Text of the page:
I read an article I had on Lafcadio Hearn as he was mentioned as living in Japan in the 1890s. I looked out The Banquet Years, another unread book, about this period in Paris, but decided not to pursue it at this time! It made me think about the art world in Paris in the later nineteenth century (one of my favourite periods of art history) – the Impressionists, the 1890s Symbolists (Gustave Moreau, et al) who Ephrussi started buying, much to Renoir’s disgust; and the neo-Rococo revival that was Art Nouveau. And just about Paris itself – Parc and Rue Monceau, and the Nissim de Camondo museum (another favourite!) – and another Jewish collecting family.[1] Surprisingly, it didn’t send me to Bernard Leach’s A Potter in Japan, another unread book on my shelf; surprising as de Waal mentions Leach and all the other Westerners who wrote books about Japan (p. 322). At this point he writes in similar terms to what I said in my MA about the ‘lure of the exotic’ – the Western desire to ‘Get to the Real Japan’ – ideally a place no Westerner has visited before (p. 321).


Nissim de Camondo Museum, Rue Monceau, Paris

All these tangents meant the book took longer to read than I anticipated.

It is interesting to think about the book in light of the lecture I attended yesterday by UK historian Norman Davies about European history and how it differs whether you see it as a European or as a non-European. The Ephrussi family could really have been called ‘European’, as they were spread from Odessa to Paris and Vienna, holidaying in Switzerland and Hungary: “The family has a ‘nomadic lack of love of country’ and the cruelty of war seems particularly acute when it splits the Ephrussis along the lines of the countries in which they just happen to be living. ‘How many sides can one family be on at once?’ wonders de Waal.” (Emily Rhodes, Spectator book review). Identity is a big theme – de Waal traces Charles’s change in collecting tastes from the Japonisme and the Impressionists toward the French eighteenth century and Empire periods – “it was more than just a way of creating an ensemble in which to live…It was also a claim on an essential Frenchness, on belonging somewhere properly.” (p. 99).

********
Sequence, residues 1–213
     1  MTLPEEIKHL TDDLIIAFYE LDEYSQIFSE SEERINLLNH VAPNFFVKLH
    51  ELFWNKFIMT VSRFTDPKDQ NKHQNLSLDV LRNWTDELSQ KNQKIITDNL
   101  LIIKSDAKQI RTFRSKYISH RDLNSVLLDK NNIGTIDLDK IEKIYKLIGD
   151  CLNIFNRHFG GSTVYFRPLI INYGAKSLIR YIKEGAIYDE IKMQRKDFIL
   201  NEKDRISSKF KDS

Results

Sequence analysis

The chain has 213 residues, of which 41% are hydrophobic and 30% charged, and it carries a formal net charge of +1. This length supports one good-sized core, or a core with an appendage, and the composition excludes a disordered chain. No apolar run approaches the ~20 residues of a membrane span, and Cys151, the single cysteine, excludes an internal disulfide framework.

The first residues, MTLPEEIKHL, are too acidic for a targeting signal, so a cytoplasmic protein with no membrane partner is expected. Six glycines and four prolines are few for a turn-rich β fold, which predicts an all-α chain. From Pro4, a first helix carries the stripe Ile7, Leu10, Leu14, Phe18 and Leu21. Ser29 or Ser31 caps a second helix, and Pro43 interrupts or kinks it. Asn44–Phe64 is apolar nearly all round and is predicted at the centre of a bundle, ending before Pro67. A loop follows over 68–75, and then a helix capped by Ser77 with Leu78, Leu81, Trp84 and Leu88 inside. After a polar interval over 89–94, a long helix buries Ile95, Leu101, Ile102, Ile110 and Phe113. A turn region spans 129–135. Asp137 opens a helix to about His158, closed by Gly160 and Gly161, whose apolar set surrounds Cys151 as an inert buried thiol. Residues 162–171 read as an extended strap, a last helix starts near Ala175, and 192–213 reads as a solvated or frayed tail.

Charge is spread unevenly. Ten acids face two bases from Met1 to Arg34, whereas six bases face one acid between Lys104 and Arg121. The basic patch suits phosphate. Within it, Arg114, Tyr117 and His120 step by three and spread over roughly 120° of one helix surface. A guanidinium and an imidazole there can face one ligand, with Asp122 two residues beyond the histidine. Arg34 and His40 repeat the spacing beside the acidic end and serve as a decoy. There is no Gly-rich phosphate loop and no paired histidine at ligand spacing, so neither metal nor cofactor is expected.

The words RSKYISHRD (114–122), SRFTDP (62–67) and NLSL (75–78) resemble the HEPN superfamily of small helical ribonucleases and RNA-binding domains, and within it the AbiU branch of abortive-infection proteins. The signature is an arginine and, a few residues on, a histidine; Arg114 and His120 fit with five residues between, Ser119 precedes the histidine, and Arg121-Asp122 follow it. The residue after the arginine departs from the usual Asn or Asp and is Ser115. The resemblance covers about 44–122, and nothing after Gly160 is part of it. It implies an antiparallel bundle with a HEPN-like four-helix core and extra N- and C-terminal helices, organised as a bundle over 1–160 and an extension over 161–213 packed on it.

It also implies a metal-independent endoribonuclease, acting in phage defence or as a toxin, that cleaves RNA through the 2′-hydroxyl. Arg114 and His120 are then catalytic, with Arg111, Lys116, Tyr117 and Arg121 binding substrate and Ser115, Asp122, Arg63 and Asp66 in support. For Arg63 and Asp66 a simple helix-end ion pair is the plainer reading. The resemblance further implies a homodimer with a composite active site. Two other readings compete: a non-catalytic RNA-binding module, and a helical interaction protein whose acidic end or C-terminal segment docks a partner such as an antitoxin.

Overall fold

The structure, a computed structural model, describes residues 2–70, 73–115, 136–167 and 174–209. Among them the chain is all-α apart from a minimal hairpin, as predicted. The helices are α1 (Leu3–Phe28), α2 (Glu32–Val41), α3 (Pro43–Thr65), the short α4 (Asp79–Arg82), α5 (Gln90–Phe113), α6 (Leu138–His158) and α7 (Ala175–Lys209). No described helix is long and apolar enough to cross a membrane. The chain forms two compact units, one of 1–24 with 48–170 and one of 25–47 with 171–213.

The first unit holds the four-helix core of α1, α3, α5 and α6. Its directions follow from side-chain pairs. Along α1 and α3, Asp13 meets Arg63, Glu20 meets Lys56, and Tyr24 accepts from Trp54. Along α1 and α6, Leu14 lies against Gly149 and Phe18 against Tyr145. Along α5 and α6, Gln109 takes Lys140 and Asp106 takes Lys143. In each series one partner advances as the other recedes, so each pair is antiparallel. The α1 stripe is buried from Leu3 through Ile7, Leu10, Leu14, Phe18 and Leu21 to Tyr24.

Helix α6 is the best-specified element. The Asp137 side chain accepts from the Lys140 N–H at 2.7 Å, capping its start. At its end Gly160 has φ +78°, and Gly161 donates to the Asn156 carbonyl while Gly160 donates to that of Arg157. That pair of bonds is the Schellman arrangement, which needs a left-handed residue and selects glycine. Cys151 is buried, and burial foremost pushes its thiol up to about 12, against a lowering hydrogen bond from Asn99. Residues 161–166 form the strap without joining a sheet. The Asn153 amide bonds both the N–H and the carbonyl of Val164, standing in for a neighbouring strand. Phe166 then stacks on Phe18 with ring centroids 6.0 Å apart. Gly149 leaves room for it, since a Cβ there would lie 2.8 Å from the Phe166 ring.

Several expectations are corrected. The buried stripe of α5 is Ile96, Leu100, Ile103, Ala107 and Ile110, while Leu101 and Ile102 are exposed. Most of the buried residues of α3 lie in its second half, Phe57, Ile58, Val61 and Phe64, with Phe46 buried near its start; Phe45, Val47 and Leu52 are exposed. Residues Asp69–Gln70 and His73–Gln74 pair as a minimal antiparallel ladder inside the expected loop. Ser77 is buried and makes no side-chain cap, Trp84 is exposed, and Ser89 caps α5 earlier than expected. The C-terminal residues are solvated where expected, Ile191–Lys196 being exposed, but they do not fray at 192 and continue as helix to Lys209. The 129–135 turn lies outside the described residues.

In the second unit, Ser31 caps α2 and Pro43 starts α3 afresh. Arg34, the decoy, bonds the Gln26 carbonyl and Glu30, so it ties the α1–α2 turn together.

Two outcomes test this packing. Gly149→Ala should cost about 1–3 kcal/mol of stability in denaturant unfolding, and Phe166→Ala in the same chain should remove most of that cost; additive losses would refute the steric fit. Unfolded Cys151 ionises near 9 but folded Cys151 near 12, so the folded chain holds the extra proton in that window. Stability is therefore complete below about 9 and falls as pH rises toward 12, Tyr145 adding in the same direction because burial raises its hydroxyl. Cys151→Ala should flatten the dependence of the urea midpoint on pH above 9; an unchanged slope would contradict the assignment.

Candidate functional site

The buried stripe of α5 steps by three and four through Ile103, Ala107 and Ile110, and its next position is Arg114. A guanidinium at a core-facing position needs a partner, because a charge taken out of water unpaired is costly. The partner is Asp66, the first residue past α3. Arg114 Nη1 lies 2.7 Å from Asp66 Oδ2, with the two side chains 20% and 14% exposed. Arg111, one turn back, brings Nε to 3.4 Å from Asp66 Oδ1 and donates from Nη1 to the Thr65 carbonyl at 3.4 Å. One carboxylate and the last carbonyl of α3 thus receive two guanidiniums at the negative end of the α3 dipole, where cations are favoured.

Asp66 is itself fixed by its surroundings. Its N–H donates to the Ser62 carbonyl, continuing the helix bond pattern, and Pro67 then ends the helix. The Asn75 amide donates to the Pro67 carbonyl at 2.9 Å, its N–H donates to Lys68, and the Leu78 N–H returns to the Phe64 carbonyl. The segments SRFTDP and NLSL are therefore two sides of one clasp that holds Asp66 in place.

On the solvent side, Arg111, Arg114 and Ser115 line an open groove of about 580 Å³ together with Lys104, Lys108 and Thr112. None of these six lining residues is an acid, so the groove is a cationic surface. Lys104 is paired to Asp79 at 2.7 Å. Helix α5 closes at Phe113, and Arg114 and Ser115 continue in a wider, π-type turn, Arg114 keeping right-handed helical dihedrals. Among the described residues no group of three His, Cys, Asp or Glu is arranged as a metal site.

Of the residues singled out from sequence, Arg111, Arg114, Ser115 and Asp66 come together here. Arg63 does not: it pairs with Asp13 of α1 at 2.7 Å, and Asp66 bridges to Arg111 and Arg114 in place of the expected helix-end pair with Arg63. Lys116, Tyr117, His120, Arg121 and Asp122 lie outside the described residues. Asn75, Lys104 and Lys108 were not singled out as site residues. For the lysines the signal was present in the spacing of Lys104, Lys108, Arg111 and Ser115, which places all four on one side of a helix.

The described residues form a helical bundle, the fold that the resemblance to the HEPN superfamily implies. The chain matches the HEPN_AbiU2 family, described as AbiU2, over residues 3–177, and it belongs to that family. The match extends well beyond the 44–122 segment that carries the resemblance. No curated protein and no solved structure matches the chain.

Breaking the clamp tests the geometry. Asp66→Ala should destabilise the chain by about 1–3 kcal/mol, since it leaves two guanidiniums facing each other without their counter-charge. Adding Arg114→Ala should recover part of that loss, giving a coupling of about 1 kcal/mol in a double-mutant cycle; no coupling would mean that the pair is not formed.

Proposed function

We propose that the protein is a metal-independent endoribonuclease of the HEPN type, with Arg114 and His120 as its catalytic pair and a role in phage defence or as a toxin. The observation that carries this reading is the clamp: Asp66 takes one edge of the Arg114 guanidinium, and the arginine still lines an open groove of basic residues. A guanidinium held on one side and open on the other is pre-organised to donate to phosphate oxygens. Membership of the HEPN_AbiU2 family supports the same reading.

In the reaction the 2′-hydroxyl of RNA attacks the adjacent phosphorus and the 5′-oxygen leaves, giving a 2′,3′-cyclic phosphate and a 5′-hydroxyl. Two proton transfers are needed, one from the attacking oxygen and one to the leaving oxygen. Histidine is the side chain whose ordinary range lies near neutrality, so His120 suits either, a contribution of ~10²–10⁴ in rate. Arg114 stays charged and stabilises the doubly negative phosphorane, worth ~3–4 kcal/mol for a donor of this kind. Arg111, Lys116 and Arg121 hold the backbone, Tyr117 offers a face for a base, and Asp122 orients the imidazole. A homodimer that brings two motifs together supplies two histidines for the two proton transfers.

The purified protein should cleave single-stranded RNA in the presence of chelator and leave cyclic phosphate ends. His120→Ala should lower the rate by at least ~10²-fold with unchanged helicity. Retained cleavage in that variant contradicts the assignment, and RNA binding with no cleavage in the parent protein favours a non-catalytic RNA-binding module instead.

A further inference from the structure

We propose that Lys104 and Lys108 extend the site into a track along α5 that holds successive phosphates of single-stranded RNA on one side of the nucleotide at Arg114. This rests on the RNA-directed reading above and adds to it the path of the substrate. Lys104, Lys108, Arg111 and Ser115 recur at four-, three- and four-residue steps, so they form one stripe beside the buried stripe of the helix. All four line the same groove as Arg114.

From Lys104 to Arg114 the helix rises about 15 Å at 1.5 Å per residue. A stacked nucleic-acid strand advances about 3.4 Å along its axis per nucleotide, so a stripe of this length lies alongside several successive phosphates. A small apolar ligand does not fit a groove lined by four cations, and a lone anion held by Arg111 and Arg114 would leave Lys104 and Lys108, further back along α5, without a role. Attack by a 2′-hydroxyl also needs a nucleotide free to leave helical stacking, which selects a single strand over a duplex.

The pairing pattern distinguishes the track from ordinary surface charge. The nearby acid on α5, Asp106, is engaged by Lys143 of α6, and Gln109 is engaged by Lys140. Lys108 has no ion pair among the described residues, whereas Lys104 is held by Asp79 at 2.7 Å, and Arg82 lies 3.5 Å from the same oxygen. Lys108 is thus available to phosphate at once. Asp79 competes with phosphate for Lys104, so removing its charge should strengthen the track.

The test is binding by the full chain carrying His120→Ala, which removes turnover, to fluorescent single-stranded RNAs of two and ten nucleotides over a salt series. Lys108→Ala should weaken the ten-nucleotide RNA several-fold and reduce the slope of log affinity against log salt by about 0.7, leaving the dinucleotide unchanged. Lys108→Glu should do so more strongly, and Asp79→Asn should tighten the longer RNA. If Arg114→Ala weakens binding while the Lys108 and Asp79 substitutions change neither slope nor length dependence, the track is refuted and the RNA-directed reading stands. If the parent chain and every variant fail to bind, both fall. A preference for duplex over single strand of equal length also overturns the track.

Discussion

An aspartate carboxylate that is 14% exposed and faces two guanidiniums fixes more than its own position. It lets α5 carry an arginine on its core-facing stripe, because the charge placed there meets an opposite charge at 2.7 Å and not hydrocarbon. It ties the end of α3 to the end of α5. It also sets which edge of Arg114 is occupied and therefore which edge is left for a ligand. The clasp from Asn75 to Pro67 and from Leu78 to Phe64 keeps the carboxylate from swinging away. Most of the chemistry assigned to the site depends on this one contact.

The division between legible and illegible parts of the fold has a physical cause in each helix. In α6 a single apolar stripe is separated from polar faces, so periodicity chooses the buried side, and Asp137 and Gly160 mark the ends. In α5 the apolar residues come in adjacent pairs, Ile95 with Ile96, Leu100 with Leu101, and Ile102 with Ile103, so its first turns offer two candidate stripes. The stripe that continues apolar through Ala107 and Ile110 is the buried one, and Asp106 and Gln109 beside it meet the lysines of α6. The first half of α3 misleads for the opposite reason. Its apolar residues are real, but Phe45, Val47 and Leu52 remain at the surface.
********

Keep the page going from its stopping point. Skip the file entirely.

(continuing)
What makes us who we are? Language is no doubt important, but these people were usually multi-lingual. Our tastes, opinions and beliefs, ‘lifestyle’, possessions? And memory… he tells of his grandmother, a keen letter-writer, burning her letters from her grandmother, and would not talk about her mother – these things were private. He muses: ‘’There is something about that burning of all those letters that gives me pause: why should everything be brought into the light? Why keep things, archive your intimacies?… Just because you have it does not mean you have to pass it on. Losing things can sometimes give you a space in which to live.” (p. 347) Food for thought for a family historian!

So what did I think about the book itself? I think he writes well; but the pace is slow until he gets to the Hitler years when it becomes gripping. There are times when you feel he has given enough descriptions of opulent rooms. Also I find I am ambivalent about including ‘himself tracing the family’ in it so much. I enjoyed it sometimes – particularly in his last chapter – and could certainly relate to it in terms of research and going off on tangents: